An external hard drive containing personal information on as many as 1,234 Prince William County elementary school students has disappeared, prompting investigations by the school system and the police department.
The hardware housed names and addresses of Glenkirk Elementary students, as well as the names of their classroom teachers. It also stored grades students had received and screening information for student services.
“It’s very sad, actually, that somebody would steal something like that,” said Suzanne Obetz, president of the Gainesville school’s parent-teacher organization.
According to school officials, the hard drive was discovered missing on Wednesday. The school system started an investigation and notified the police to determine whether the device was stolen.
A spokesman for the police department declined to comment on Thursday, saying the department was not ready to release information.
Ken Blackstone, spokesman for the school system, said police are treating the hard drive “as something that might have been stolen.”
Blackstone said the hard drive did not vanish from administrative offices, but could not say if it belonged to a classroom. “It was information that an employee had for their job; it wasn’t something somebody shouldn’t have had,” he said.
He was not sure how many of Glenkirk’s 1,234 students were affected, but said that it could be all of them.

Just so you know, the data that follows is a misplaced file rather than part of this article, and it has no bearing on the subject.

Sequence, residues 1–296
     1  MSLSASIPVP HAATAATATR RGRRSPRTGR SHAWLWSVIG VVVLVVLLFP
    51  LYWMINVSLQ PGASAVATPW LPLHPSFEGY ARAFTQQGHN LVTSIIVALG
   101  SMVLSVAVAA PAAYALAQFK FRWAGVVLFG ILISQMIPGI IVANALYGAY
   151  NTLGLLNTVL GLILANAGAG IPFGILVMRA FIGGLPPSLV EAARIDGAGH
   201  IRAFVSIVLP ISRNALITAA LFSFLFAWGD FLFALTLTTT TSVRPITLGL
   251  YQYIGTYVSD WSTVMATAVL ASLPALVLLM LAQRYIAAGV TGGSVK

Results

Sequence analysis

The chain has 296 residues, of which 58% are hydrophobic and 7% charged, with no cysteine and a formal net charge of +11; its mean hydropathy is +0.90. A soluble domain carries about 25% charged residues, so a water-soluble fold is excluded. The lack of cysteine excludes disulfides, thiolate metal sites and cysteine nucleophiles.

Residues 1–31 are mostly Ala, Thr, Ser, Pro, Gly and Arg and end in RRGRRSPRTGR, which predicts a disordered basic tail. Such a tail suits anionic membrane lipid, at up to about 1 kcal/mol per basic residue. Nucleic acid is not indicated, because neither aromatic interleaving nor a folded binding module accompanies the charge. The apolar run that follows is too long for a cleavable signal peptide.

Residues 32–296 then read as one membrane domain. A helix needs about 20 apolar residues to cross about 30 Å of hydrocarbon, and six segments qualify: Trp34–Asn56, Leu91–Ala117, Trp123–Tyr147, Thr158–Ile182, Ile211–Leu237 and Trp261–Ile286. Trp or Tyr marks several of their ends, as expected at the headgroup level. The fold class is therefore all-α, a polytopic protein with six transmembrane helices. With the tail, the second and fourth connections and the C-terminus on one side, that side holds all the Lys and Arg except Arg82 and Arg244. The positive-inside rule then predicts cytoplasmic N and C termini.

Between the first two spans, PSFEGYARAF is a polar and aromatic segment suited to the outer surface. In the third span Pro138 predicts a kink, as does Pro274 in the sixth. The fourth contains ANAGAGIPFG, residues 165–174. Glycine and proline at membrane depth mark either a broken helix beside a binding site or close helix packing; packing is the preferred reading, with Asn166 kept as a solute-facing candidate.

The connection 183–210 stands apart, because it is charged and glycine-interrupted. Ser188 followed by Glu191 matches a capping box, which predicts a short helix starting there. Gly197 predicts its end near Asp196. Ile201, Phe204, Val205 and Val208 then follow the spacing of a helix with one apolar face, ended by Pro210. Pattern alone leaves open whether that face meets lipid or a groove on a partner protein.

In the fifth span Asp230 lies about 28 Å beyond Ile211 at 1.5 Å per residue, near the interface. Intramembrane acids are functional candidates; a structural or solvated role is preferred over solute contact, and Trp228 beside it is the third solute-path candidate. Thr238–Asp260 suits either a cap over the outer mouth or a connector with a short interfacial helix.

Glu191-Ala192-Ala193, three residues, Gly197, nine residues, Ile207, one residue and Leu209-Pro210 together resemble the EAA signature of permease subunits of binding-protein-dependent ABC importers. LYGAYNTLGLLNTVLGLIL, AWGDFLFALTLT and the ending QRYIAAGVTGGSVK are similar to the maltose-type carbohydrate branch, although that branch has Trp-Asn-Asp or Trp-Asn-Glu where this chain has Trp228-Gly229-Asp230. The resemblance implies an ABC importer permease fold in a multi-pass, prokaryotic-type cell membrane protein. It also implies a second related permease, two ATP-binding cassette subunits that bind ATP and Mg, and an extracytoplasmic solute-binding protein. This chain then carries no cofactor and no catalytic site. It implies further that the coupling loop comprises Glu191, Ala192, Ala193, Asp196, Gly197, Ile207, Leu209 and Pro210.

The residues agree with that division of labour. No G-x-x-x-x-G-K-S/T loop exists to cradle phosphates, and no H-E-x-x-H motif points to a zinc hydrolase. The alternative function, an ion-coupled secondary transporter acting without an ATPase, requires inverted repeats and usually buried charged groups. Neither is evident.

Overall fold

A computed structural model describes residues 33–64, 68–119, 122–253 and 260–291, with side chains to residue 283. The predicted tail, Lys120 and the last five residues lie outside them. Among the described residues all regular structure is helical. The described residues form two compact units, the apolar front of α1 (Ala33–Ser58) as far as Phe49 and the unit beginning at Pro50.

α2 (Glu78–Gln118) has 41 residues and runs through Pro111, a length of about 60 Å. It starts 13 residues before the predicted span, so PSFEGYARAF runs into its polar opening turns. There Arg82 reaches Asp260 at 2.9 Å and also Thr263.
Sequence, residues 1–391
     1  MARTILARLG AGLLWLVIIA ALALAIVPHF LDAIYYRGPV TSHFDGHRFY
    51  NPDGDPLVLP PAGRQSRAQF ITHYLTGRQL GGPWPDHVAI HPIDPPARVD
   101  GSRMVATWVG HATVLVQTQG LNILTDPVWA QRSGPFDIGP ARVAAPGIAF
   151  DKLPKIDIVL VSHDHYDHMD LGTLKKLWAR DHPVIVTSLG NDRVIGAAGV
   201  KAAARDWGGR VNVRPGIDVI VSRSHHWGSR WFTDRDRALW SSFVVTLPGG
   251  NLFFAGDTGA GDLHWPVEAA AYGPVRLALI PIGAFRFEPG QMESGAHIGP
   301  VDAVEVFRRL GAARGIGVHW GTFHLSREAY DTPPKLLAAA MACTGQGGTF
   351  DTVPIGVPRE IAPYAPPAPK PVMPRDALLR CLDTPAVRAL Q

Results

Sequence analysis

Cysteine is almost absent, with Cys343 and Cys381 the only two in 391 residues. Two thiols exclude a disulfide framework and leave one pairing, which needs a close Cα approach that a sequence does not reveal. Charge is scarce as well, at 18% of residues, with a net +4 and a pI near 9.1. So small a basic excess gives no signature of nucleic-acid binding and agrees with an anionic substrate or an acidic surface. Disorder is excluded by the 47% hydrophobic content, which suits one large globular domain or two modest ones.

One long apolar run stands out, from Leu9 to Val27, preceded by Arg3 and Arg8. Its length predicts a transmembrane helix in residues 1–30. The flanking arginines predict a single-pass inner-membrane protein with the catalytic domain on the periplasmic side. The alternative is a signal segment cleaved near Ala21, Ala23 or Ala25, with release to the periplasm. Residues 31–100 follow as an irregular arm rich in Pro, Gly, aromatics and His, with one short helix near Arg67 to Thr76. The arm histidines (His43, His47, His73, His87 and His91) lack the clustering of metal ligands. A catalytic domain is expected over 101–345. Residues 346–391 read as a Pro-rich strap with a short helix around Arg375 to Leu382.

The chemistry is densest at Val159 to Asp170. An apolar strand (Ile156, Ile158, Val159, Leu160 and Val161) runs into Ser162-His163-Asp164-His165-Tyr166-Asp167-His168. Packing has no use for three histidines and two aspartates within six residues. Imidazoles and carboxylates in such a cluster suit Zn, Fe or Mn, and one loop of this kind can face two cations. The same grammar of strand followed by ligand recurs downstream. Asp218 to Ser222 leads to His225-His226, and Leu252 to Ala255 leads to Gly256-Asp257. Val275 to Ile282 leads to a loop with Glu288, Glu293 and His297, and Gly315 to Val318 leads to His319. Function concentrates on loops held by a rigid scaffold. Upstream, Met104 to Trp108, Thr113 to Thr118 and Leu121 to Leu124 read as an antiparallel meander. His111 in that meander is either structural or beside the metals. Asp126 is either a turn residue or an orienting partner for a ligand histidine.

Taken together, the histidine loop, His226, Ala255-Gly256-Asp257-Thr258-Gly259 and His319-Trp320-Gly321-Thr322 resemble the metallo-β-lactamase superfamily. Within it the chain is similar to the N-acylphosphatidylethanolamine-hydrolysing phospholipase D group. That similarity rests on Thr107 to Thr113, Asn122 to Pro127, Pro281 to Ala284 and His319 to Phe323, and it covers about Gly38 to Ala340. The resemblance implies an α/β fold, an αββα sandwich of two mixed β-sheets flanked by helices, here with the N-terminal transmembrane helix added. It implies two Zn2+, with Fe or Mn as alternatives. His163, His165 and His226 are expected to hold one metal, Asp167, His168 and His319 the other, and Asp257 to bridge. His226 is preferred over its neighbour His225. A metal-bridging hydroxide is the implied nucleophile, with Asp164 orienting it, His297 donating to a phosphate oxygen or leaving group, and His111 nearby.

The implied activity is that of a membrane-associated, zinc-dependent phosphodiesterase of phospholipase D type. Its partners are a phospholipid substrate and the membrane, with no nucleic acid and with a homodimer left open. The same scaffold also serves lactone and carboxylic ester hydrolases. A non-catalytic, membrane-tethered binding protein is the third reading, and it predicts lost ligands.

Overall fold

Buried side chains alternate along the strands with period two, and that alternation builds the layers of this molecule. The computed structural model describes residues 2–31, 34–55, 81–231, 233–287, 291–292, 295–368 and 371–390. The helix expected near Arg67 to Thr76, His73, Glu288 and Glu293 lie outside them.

The hard drive did not include students’ Social Security numbers.
Principal Lisa Gilkerson planned to notify the parents of students through automated phone messages and a letter, to be posted on the school’s website. The school also decided to make staff available to field calls from concerned parents on Monday and Tuesday.
Obetz said she wasn’t too concerned about the potential security breach. “I am under the impression that it’s being taken care of, and they have a good idea as to where it might be,” she said.
The school system made headlines for another technology glitch this spring, when the American Civil Liberties Union put heat on Prince William schools’ “LGBT” Internet filter that blocked access to websites discussing gay, lesbian, bisexual and transgender issues.
School officials tweaked the filter to allow students to access educational websites concerning the topics.
Lisa Gartner | Examiner Staff Writer